Faith-based social services are funded by the federal government through your taxes, even though that can lead to discrimination and a lack of those very services.

The 1999 Charitable Choice Act allowed federal taxes to fund faith-based social services. Still, it limited these services to “Temporary Assistance for Needy Families (TANF), the Community Services Block Grant (CSBG), and substance abuse treatment programs,” providing they not proselytize.

When Congress refused President G.W. Bush’s demand to expand eligible services, he issued an executive order that included many more faith-based social services than initially intended. Furthermore, that executive order allowed “faith-based organizations (to provide) government-funded services and remain independent of governmental controls, to discriminate in their hiring practices, and to conduct inherently religious activities.”

According to the ACLU, the Charitable Choice Act “raises serious concerns about the Act’s constitutional viability under the Establishment Clause of the First Amendment” and “imposes an impermissible bind on governmental entities – by forbidding ‘discrimination’ in the selection of contractors where the Constitution clearly requires it.”

Those who support government-funded faith-based social services rightly see the law will help religious groups deliver much-needed social services. No argument there.

But at what cost? Opponents welcome the support religious organizations can provide for social services, but not at the cost of violating the Constitution’s Establishment Clause or having the practice morph into federally funded proselytizing. “Explicit protections must be put in place that prohibits religious coercion in the provision of social services. Taxpayer-funded programs must respect the personal choices of all Americans to worship as they see fit,” the ACLU argues.

Given that funding faith-based social services was a presidential priority, rules were put in place to “reach deeply into and widely across the federal government (to fund) the Faith-Based and Community Initiative.” According to David J. Wright, Roundtable Project director, “This has translated to faith groups receiving a significant share of federal social service grants.”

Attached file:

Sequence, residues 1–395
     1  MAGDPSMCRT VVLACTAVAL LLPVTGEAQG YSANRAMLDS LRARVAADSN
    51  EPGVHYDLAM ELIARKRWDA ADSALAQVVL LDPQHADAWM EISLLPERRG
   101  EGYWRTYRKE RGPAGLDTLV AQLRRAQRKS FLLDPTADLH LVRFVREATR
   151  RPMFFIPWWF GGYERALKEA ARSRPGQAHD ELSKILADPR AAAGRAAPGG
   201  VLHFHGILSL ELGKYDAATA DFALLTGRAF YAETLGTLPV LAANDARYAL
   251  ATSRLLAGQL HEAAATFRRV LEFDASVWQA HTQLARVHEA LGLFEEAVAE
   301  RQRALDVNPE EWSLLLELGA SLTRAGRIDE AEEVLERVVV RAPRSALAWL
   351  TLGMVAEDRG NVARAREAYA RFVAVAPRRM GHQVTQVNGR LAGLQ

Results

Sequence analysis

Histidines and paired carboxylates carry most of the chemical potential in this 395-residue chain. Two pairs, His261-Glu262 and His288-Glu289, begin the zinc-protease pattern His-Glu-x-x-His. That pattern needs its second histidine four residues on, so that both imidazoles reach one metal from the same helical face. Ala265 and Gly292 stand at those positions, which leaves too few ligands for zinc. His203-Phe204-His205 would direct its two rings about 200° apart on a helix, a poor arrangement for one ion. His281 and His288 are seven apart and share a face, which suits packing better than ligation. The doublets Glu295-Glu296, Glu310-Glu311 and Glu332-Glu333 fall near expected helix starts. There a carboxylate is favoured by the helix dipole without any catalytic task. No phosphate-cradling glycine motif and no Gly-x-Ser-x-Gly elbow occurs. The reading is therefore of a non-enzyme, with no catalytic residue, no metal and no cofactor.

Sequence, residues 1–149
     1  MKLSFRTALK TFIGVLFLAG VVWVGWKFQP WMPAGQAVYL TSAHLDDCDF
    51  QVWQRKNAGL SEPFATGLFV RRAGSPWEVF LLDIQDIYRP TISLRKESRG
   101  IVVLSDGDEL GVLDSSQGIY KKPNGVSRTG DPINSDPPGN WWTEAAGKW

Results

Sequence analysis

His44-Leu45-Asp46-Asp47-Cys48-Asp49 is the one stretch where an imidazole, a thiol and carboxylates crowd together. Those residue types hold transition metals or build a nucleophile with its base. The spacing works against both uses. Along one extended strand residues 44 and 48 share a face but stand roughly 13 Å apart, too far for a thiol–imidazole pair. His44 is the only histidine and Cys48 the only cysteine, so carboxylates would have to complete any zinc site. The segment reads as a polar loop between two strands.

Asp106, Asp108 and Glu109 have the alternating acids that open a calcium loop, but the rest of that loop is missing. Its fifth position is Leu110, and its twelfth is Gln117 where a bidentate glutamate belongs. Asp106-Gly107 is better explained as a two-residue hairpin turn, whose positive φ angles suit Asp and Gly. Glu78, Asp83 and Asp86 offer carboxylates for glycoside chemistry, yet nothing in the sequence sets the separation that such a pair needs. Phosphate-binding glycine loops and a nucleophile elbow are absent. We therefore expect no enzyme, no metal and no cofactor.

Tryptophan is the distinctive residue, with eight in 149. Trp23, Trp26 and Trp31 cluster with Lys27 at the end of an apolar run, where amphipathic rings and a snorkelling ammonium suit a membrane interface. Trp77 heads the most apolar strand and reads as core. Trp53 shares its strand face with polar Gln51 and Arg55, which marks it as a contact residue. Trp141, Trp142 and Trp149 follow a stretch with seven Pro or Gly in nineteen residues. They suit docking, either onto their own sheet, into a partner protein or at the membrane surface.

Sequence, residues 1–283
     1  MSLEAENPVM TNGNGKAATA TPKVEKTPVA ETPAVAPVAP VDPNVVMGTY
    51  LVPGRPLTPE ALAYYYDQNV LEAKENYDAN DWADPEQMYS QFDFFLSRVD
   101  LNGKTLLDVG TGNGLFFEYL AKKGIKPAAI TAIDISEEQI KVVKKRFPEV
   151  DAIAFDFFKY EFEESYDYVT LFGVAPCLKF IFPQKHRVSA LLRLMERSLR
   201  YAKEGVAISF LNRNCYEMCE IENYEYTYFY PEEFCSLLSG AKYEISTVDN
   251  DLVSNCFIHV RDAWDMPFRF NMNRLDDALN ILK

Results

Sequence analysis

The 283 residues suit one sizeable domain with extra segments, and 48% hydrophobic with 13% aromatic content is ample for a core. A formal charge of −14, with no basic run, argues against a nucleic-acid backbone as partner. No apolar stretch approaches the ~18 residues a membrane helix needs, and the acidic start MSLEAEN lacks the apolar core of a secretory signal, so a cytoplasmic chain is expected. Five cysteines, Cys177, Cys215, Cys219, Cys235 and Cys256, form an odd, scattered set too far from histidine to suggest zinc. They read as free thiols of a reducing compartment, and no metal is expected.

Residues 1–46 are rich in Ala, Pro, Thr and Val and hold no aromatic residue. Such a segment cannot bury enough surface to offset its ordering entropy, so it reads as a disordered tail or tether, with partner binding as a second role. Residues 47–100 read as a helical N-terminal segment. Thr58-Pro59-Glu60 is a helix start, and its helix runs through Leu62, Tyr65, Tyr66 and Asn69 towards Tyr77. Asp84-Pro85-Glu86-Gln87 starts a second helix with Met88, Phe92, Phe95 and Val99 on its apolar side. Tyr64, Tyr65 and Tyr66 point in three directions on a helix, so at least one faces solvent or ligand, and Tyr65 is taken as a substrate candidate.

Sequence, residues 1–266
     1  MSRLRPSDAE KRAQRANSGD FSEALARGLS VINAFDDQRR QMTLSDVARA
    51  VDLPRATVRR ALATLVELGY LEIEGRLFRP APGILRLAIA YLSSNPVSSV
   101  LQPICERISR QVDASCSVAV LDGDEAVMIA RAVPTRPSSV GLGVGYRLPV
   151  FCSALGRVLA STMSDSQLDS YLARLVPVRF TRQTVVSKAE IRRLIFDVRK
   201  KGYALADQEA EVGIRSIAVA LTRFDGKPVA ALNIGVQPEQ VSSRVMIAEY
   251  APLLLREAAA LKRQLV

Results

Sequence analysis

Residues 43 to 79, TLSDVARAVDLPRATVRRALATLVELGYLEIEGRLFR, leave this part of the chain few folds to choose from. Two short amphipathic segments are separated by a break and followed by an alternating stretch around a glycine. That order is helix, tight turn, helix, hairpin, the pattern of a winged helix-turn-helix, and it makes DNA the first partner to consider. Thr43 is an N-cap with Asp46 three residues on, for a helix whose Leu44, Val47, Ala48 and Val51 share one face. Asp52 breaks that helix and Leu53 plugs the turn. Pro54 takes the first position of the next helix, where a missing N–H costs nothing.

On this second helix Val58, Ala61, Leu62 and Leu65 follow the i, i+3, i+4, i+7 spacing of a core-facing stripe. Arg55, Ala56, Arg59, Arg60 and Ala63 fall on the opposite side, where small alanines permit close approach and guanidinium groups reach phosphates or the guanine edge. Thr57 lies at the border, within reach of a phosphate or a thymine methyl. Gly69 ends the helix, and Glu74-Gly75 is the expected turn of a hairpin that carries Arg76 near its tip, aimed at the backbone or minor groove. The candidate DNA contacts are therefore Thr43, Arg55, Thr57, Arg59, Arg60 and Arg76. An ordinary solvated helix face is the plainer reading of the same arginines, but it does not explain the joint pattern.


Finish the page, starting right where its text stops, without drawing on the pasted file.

Faith-based federal funding has resulted in far fewer secular substance abuse recovery programs and homeless shelters. In 2007, a California judge asked an atheist to choose between spending 100 days in jail or attending the only local substance abuse recovery program, one that was, unfortunately, faith-based.

Forcing anyone to choose between incarceration and attending a substance abuse recovery program run by a faith other than the defendant’s is no choice. The defendant sued, was awarded just under $2 million, and California no longer forces any defendant to attend faith-based recovery programs.

Almost 10 years later, an Ohio judge gave an atheist the same choice: Spend 30 days in the only local substance abuse program, also faith-based, or be subjected to “incarceration or other detrimental consequences.”

The defendant sued, rightfully claiming that “substance abuse counseling can be successfully provided without resorting to religious superstition, appeals to the supernatural, and interference in plaintiff’s sincerely held beliefs concerning religion, Christianity, humanism, and atheism.”

In Washington, D.C., the preponderance of faith-based homeless shelters has all but eliminated secular homeless shelters. Out of the 14 homeless shelters I could find, 10 were faith-based and four were secular, but only two of those secular shelters serve the LGBT community. Mayor Muriel Bowser’s administration is cutting funding to local nonprofit homeless shelters by 10% to 15% due to a “budget shortfall of more than $200 million in the current fiscal year.” Many homeless shelters agree that cutting that much out of a program will prevent them from delivering their services to the homeless population.

Faith-based homeless shelters are likely to stay open because of federal funding. But the shelters that rely almost entirely on city funding may have to close. If the two shelters serving the LGBT community close, where will these homeless people go? President G.W. Bush put rules into the charitable choice provision that grant faith-based organizations independence from government controls. Consequently, faith-based homeless shelters that receive federal funding are not required to serve the LGBT community.

Those who support the federal government funding faith-based social services would be wise to consider what the Coalition Against Religious Discrimination had to say: Charitable Choice, they argued, explicitly allows “federally funded employment discrimination (and) allow the proselytization of people seeking aid.”

Furthermore, they said, it is unconstitutional, harms religious liberty, and turns back the clock on civil rights.

Tom Waddell is president of the Maine Chapter of the Freedom from Religion Foundation. He welcomes comments at [email protected] and  ffrfmaine.org.

 


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